by Heidi Bergstrom
In my previous blog post I outlined some of the political issues faced by the women from the Coast Salish Cowichan Tribe concerning their sweater designs being appropriated by the Hudson’s Bay Company during the BC Winter Olympics in 2010. In this post I will focus on the a bit more on the background history of the Cowichan knitters and their techniques and how contemporary artists are responding to this history and honouring it.
This summer had its fill of trips to the Victoria International Airport which has been undergoing a series of renovations. On my most recent trip I happily discovered a quiet lounge on the 3rd floor, accessible only by elevator. As I entered the lounge I was impressed to see a permanent display about the history of Cowichan Coast Salish knitting as well as 3 contemporary works in continuity with this history. When I say in continuity I do not mean reproductions, but authentic responses and interpretation in new contemporary forms. Continuity is provided through linkages in symbolism and story telling and the materials themselves.
The Coast Salish peoples traditional range on the west coast from Oregon, USA to Vancouver Island and parts of mainland British Columbia, Canada has been confirmed with archaelogical evidence dating back some 8,000 years. Contact with Europeans first began in the 18th c but more intense colonization on the west coast only occurred around 1843 with the Hudsons Bay Company establishing a trading post at Fort Victoria on Vancouver Island, now the capital of British Columbia. (See http://www.firstnations.de/development/coast_salish.htm for more detailed research on the Coast Salish. This site also has an excellent list of resources and web links)
The question often comes up while researching this topic whether the Coast Salish had a history of weaving or knitting prior to contact with colonial settlers and traders. The short answer, as explained in the display, is that they did indeed have a history of spinning dog hair and plant fibers for weaving prior to contact, but with the arrival of the colonists they gained access to a new and plentiful supply of sheep’s wool. They also learned the basic technique of knitting through contact which they quickly adapted and expanded the technique to include using up to 8 knitting needles at a time, to achieve a seamless sweater. Knitting products were traded and continue to be sold and are generally recognized as being important to the local economy for the Cowichan knitters.
A commissioned blanket hangs on the wall by Roberta Jimmy of the Tseycum First Nation.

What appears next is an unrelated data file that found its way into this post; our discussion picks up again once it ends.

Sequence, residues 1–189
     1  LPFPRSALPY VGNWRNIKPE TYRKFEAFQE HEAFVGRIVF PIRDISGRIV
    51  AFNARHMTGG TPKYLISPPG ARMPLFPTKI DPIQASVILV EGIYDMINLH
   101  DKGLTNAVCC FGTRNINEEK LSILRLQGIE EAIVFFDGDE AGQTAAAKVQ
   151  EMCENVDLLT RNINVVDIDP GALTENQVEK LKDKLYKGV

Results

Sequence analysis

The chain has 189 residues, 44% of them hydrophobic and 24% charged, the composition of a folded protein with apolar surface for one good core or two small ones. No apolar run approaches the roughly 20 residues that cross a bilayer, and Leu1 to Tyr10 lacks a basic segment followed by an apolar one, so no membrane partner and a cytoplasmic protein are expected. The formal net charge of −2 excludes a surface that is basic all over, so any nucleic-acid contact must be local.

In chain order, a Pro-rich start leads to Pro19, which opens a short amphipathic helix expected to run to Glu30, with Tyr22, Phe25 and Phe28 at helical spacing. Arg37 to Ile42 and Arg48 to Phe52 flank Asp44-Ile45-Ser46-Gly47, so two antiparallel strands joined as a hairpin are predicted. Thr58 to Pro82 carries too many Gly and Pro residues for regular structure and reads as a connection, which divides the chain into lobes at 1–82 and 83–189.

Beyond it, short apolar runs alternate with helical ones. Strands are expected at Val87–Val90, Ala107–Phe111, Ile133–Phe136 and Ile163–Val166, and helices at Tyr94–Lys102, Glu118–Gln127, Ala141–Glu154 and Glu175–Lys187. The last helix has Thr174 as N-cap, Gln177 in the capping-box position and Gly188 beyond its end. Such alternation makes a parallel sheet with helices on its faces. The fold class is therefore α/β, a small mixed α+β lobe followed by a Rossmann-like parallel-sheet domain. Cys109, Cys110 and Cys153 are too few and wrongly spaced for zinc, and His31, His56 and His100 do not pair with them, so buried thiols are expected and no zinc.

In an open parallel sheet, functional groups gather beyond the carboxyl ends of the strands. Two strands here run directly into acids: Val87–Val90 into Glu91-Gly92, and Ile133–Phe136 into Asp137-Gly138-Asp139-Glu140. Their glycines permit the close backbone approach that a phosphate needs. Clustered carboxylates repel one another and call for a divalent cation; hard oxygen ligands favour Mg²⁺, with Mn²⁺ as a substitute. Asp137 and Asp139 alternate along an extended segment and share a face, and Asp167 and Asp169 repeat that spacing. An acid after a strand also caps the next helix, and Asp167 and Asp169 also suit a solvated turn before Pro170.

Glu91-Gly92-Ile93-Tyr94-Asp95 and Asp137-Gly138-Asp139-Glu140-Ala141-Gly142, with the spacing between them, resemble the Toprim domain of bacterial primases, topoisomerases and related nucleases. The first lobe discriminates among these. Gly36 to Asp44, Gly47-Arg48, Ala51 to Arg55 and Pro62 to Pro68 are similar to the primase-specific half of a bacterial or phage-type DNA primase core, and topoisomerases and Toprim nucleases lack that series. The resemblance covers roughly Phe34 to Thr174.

The Whorl carvings by Charles Elliot are most outstanding. Possibly ten times or more than the size of an ordinary whorl they dramatically integrate the central features of the whorl while also providing a vehicle for the symbols of the people.
There is one observation I have to make as well that has to do with the set up of this display and area. While I appreciate the lounge itself and the display, I also think that it should be more prominent within the airport itself. The Art Gallery of Greater Victoria (AGGV) has an ongoing display of art rentals in the main area of the terminus which is not even close to this calibre of work in either technique, quality of materials, or meaning. I am continually disappointed by the choice of cultural representation by the AGGV and when I discovered this gem neatly tucked up on the 3rd floor, well I was even more so.
In BC some would argue that the availability and access the local population has to First Nations art and culture is much greater than other parts of the country. I would agree, but that doesn’t mean a local exhibit of importance such as this should be marginalized, even inadvertently. I am sure that YYJ believes they are dedicating significant space to this subject, and they are. However, I am pretty sure that there are probably less than 1% of the visitors who are aware of it given its location within the airport.
All photographs by Heidi Bergstrom
For more information about the Cowichan techniques check out the following:
Working With Wool: A Coast Salish Legacy and the Cowichan Sweater
Sylvia Olsen, Sono Nis Press, 2010
Pacific Rim Review of Books
Knitting All Night: The True History of the Cowichan Sweater
review by Peter Grant
YouTube video search results for Cowichan Sweater:
Knitting The Cowichan Sweater – Shaw TV Victoria
The making of Cowichan Sweaters by Ameila Charlie, a Newsreel from 1958
Knowledge Network, The Story of the Coast Salish Knitters
The Story of Cowichan, Cedar Hats and Weaving